[vcf-midatlantic] MARCHIAN invasion of Trenton

Douglas Crawford touchetek at gmail.com
Sat Mar 25 17:12:24 EDT 2017

On 3/25/2017 2:20 PM, Herb Johnson via vcf-midatlantic wrote:
> Herb Johnson:
>>> Evan is correct, in his reportage that I said his and Jeff's 
>>> robotics talk was more
>>> technically informative, than my discussion with a student and 
>>> faculty-member of their
>>> $40K demonstration robot. I could not get those persons, to describe 
>>> the programming
>>> interface to their tower of plastic and motors. Evan showed a BASIC 
>>> program with peeks and
>>> pokes. The 20th century won that "battle of the 'bots". Am I a 
>>> judge? I worked on robotic
>>> system interfaces to minicomputers in 1975.
> Neil Cherry:
>> I find great humor in this. Evan who learned on his own (with help, 
>> but still) knew more
>> about the technical details of his project than the students did of 
>> theirs. This says
>> good things about Evan.
> This is amusing but don't take my remarks too far. I'm sure a 2017 
> engineering student knows a lot that I don't know. I'm sure a 
> professor of electrical engineering knows a lot I don't know. Read 
> what I'm saying. I said "I could not get these persons to DESCRIBE the 
> programming interface...."
> My casual understanding from discussion, is that the college's robot 
> was obtained a few months ago. And the plan is to work harder on it, 
> in the summer. So it simply may not have been familiar to either 
> party. And the student may have been intimidated by hard questions; 
> and the instructor may not have had time to look at the programming 
> features.
> All that said, my point was that neither person could DESCRIBE in a 
> technical way, what their robot could do at the program command level. 
> It was sold as a development tool, not just some pick-n-place robot. I 
> asked the question a number of ways, and couldn't get a straight answer.
> The most direct inferences are 1) they weren't prepared for technical 
> questions or 2) the robot did not come with a clearly defined "API" or 
> applications programming interface or 3) the robot wasn't well 
> documented.
> The instructor said something about supporting the "Robotics Operating 
> System" which is "open source" but could not (or would not) inform me 
> further. I've heard of it:
> http://www.ros.org/
> and so I go to the Web page. The home page points to "features" which 
> are listed as:
>     Standard Message Definitions for Robots
>     Robot Geometry Library
>     Robot Description Language
>     Preemptable Remote Procedure Calls
>     Diagnostics
>     Pose Estimation
>     Localization
>     Mapping
>     Navigation
> Creee-IPES! What a bunch of gobble-gook! I'm an engineer, dammit, not 
> a linguist, or a choreographer! It's nice to know I can pass messages, 
> that will help me in homeroom to send notes to my buddies and that new 
> girl. But - what can I move, what can I sense, what can I *see* 
> through this ROS, for this robot?
> The page talks about "poses" and "graphical interfaces" and 
> "diagnostics", "data logging"....(sigh) I'm aware of these issues and 
> methods, I understand you can write a MS-degree thesis by playing with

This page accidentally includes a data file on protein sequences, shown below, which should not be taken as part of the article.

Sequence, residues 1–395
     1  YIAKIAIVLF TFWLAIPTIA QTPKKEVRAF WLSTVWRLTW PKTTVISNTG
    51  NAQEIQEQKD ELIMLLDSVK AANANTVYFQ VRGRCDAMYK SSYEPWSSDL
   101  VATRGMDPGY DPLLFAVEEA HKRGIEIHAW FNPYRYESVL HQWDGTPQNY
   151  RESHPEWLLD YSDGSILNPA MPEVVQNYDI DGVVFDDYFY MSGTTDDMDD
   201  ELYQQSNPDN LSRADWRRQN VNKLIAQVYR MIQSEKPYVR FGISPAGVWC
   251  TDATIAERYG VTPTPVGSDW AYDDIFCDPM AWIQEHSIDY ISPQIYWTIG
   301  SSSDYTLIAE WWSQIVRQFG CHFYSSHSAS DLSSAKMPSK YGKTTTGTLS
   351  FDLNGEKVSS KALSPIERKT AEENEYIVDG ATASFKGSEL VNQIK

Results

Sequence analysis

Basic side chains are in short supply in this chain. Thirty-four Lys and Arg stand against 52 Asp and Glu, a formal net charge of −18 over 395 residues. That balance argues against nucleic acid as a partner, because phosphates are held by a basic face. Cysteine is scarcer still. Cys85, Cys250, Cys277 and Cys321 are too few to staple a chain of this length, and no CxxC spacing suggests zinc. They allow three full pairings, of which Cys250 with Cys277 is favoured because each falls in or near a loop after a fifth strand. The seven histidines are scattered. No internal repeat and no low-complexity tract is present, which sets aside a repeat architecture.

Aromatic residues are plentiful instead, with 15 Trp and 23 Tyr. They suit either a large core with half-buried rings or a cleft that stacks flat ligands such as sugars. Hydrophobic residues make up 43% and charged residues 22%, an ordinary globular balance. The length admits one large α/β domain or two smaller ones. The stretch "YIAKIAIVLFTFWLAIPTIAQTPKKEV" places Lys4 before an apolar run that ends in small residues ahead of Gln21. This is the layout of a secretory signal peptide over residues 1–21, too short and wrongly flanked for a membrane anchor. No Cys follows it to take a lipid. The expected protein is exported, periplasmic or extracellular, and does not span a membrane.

> this stuff. And I see their "testimonials" from PhD's and grad 
> students, and one "hobbyist".
> This goes to my "thesis" - anyone can pose a problem as a thesis, you 
> know. My thesis is this: it's worth preserving 20th century (early) 
> vintage computing, because the technology of the era is simple enough 
> to grasp at a fundamental level. Therefore, it's accessible to those 
> of modest skills, or those looking back at forgotten technology.
> More important, this technology solved problems and provided access to 
> a class of computing and control technology. If another generation of 
> devices, or another class of technology, comes around - why not see if 
> THOSE solutions will work for those NEW devices and technology? Or see 
> if the same problems were already solved, or not solved - learn from 
> our mistakes and successes?
> I don't expect personal computer collectors to have these goals and 
> these considerations; they have personal reasons and interests. But 
> some of us have this perspective.
> So - if you aren't a grad student or scholar, which robot is going to 
> teach you something? the robot with the operating system and 
> message-passing protocols and pre-established methods? Or the robot 
> that you say "move this joint motor" with "peek(12379)" in a FOR loop?
> You can argue you are peeing away your time with primitive coding. But 
> I'd argue you are pissing away what you might learn about control and 
> sensor problems, if you only use a graphics interface and script 
> messages about tasks. Not much difference between some game-design 
> avatar and a robot, at that level.
> 20th century versus 21st century. Engineering design versus product 
> design. These are old tensions. And as they will occur again, this old 
> stuff is worth preserving, to show how we dealt with these conflicts, 
> the last few times they occurred.
> Herb Johnson
> retrotechnology.com
Great post, Herb, on all accounts.
I had to look at ROS recently and I had the same reaction to their web 
site in trying to glean
what was all about.  I'm convinced its not us, their presentation is flawed.

More information about the vcf-midatlantic mailing list